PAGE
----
The brushstroke of Nature or The Betrayed Surface
28.07.2007 - 07.10.2007
Vanessa Conte, Dominik Halmer, Tobias Hantmann, Shila Khatami, Coline Krausbauer, Elke Nebel, Anne Neukamp
»Art does not wilt. When the painter paints, petals aren't shed, the leaves don't wither, the evening sky with the setting sun does not lose its vibrancy. In this way there is a little bit of rebellion against life in every composition, because in life — who knows why — everything must decay, fade and be extinguished«. Hans-Joachim Müller
The exhibition presents seven young artists — most of whom graduated from the Düsseldorf Academy — whose work focuses upon the themes of nature, landscape and the cosmos. Using a variety of surfaces for their paintings, painted film and sculpture, they question, challenge and extend the function and characteristics of painting whilst engaging in the long-standing debate surrounding landscape motifs in art. With works oscillating between graphic depiction and fiction, representation and abstraction, the artists have created a new and individual pictoriality reaching beyond the received notion of what constitutes landscape and nature.
Vanessa Conte (b. 1977 Tarrytown, NY, in Düsseldorf since 2004) uses metaphor to engage with themes such as solitude, wilderness and death. A graduate from the University of California, Los Angeles, Vanessa Conte is working on a scientific fiction for KIT, a story of life told from the perspective of a mollusc. Using coloured chalk on long rolls of paper she creates dense formations that move between Surrealism and the craft of the Old Masters.
The large-format paintings by Dominik Halmer (b. 1978 in Munich, studied under Prof. Albert Oehlen) are rooted in systems of ordering and at the same time revel in shrill compositions of the here and now. Via the combination of contrasting, opalescent elements, Halmer is able to construct personalised models of the universe that challenge the viewer to engage in a form of metaphorical perception. His works focus on the fundamental question of why pictures are made.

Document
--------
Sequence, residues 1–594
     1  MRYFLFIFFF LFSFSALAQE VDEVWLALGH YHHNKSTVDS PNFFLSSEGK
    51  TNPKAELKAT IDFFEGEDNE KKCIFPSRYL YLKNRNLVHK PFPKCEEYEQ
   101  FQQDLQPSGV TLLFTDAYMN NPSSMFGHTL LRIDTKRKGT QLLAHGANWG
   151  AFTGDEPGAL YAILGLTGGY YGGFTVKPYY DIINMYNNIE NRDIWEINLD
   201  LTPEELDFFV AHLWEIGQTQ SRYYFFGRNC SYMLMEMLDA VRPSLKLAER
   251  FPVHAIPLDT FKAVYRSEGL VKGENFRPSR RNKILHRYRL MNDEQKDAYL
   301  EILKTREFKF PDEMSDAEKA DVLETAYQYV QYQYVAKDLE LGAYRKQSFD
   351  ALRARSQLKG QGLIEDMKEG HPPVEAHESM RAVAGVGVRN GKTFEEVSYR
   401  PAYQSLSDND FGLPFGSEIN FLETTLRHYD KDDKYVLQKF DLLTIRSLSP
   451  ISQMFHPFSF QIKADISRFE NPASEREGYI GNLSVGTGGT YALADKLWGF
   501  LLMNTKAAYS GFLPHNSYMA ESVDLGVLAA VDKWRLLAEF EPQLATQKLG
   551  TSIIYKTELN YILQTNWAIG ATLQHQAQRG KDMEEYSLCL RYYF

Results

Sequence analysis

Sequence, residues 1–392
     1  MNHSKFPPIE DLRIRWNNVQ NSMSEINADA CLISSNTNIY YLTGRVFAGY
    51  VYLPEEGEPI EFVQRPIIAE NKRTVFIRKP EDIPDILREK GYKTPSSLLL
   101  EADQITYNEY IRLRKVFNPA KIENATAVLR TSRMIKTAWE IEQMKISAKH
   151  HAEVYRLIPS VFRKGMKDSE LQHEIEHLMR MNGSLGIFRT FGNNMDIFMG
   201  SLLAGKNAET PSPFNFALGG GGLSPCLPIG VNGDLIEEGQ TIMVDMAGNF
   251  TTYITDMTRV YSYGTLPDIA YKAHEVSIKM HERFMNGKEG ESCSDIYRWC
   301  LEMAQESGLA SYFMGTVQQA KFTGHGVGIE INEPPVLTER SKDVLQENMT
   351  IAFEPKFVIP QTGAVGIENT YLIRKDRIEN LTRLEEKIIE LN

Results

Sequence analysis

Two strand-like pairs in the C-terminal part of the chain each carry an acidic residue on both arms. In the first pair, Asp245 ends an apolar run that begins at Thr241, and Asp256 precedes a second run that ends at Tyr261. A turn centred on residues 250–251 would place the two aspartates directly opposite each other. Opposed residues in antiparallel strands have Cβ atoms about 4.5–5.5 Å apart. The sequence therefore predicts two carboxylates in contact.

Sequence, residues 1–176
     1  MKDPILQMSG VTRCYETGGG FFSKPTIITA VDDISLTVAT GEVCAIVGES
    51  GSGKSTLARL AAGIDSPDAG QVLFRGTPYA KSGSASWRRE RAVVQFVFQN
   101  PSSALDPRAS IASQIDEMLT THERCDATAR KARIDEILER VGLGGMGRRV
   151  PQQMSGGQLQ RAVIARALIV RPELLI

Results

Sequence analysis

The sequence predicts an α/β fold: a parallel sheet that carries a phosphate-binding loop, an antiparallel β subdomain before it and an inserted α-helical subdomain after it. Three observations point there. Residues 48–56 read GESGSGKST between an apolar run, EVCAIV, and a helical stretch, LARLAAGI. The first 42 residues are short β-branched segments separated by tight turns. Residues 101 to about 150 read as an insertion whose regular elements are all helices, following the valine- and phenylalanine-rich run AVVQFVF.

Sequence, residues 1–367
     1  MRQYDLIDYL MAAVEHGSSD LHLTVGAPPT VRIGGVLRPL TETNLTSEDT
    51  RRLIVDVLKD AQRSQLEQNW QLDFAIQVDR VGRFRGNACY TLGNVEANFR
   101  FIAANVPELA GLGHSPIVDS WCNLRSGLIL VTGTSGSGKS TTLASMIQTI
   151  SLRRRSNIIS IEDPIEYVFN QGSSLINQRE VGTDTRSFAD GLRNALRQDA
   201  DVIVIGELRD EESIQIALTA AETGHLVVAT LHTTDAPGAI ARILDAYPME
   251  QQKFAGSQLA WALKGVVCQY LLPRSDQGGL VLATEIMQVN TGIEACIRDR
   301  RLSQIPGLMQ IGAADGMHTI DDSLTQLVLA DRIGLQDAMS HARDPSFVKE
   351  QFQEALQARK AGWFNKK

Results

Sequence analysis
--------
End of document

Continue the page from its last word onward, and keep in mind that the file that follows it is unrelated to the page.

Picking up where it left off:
Tobias Hantmann's (b. 1976 in Kempten, studied under Prof. Baselitz and Prof. Dibbets) delicate, large-format carpet pictures strive to communicate the vulnerability and the ephemerality of pictorial representation. As is the case with his drawings in ink on leaves, Hantmann's forms in velour are also concerned with the aspect of spiritual engagement when dealing with visual stimulants.
Shila Khatami (b. 1976 in Saarbrücken, studied under Prof. Kasseböhmer and Prof. Federle) creates abstract, painterly worlds by using the properties of different canvases that conjure up a multitude of associations in their frivolously decorative array of colours. She has realised her first 3-dimensional piece for KIT produced in conjunction with the other artists: she will redefine the view of the works in the exhibition space with a 20-metre long and 2.2 metre high object.
Coline Krausbauer (b. 1979 in Krefeld, studied under Prof. Doig) uses oils and egg tempera to paint scenes depicting nature eating its way into municipal architecture. In this way the artist creates collages that exist on the divide between figuration and abstraction, conjuring up unruly and at the same time familiar forms with swampy and clear tones on canvas, paper and parchment.
Elke Nebel (b. 1975 in Kleve, studied under Prof. Immendorff) leads us off in to the vast expanses of the universe with her film »Die Fährte« [The Track] made from 10,000 individual pictures. The painted film was born of the yearning to extend the painting from the canvas so that it »may never end«. Furthermore Elke Nebel will combine paintings, film and the narrative form for the KIT show in a 3-dimensional piece entitled »Gelée Royal«.
In Anne Neukamp's works (b. 1976 in Düsseldorf, studied under Prof. Federle in Düsseldorf and Prof. Adamski in Dresden) landscape motifs and abstract geometrical forms are superimposed in such a way so as to create a mesh of layers. Mountains, lakes and clouds scenes seem to want to conceal themselves behind triangles and circles and point — transformed in a playful manner — to further possibilities for alternative interpretation.